5 Tips for Photography While Traveling

5 Tips for Photography While Traveling

Leela Cyd
Jun 1, 2012

As I set out for an adventure to Italy this morning, I'm thinking a lot about how I shoot on the move. For me, photographing what's in front of me really makes me digest what I'm looking at. It's the ultimate vehicle for staying present, taking things slow and examining, exploring and really paying attention to new experiences. Here are some tips that I like to keep in mind . . .

1) Don't be afraid to photograph people while traveling. One strategy is to ask for permission — most of the time people say yes, especially when the question is framed in a compliment: "I love your outfit, would you mind being in my photo?"

2) Look at what's behind you. Maybe you're at a tourist attraction and there are myriads of people photographing the site — turn around. The better shot could be the gathering of crazy tourists all trying to shoot the same thing. One of my favorite images is the wild throngs of crazed travelers all photographing the Taj Mahal, far more interesting than my photos of the dazzling Indian tomb.

3) Vary up you sense of scale. Try shooting big dramatic landscapes, medium shots of gorgeous architecture and then get close, very close to the way your pastry looks with your coffee at breakfast or the fabulous bedding folds in your hotel room. These little details can weave texture and story into your overall gallery of images of a place.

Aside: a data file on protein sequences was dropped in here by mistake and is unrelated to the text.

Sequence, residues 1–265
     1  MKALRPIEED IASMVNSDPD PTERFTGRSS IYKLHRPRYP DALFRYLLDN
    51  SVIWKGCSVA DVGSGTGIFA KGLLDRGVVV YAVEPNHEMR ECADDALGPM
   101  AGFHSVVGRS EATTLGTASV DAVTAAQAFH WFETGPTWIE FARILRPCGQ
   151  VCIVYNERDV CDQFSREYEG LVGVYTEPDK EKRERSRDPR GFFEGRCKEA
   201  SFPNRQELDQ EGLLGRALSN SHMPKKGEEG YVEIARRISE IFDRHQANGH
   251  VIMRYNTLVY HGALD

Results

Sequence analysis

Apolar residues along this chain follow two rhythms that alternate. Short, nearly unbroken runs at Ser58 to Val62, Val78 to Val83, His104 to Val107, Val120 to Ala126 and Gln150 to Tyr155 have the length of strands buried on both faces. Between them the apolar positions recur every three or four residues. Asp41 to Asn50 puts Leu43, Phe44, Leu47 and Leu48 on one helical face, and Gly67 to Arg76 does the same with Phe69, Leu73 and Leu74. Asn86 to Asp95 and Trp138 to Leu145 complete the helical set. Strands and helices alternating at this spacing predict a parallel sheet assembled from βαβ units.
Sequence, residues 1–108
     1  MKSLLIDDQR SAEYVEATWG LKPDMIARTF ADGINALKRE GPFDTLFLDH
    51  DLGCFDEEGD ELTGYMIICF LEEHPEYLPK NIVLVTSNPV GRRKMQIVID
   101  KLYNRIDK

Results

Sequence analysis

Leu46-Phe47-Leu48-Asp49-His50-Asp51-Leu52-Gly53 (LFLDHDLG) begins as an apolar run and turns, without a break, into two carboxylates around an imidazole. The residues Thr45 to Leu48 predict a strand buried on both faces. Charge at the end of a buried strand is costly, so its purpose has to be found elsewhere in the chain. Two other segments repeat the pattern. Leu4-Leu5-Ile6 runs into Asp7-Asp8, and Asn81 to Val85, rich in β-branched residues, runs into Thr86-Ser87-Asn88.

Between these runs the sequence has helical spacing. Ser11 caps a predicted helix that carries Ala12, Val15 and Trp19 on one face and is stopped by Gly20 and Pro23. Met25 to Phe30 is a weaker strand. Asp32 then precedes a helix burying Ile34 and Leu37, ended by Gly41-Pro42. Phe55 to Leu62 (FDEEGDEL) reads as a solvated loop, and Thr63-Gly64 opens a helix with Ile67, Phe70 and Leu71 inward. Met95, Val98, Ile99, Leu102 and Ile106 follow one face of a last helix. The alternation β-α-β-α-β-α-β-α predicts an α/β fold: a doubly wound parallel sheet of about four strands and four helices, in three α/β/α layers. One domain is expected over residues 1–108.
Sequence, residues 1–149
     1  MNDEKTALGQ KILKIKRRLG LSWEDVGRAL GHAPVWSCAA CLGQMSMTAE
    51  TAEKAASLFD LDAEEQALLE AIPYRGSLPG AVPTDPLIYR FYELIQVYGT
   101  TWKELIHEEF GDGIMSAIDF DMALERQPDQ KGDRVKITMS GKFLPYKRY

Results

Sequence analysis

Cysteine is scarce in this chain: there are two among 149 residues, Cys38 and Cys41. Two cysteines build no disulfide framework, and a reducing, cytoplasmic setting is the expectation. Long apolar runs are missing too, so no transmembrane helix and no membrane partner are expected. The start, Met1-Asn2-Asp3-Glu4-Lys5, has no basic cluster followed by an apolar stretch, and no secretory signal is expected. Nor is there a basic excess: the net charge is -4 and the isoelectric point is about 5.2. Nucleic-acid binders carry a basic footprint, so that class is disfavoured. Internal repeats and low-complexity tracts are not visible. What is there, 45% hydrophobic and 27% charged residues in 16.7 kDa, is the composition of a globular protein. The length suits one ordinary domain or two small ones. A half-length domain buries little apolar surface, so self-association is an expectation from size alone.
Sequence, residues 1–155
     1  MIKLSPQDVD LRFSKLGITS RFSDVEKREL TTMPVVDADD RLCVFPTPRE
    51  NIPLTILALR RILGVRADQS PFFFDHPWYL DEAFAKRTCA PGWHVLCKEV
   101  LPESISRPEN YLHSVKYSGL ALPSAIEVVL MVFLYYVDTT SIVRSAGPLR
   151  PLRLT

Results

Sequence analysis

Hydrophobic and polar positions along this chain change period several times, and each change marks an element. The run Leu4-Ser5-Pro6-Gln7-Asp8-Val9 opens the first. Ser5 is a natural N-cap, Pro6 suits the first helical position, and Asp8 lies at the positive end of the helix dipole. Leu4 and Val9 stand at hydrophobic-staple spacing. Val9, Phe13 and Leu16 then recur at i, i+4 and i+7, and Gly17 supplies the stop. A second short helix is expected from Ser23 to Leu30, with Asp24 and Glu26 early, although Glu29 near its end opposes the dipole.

4) Always have your camera on you. Even if it's just the camera on your phone. You'll be kicking yourself if you step out into a fabulous night market after dinner and you've left your camera behind because you're now "relaxing." There's an opportunity around every corner for newness when traveling — that's what makes this special time so fulfilling! Don't regret an amazing photo opportunity.

5) Shoot in AV mode. If your camera has an "Aperture Priority" mode, you're going to be a lot better off than shooting in Auto. This setting allows for the lowest possible aperture in each shot, so your images will have a more romantic, shallow depth of field look when you get close to something. Your landscape or 'far away' shots will not be affected. Major subjects (people, statues, produce, objects) will stay in focus, while the background will be softer.

Do you shoot while traveling? Do you have any photo strategies you keep in mind? Do share!

Leela the Photo Magiciian

(Images by Leela Cyd Ross)

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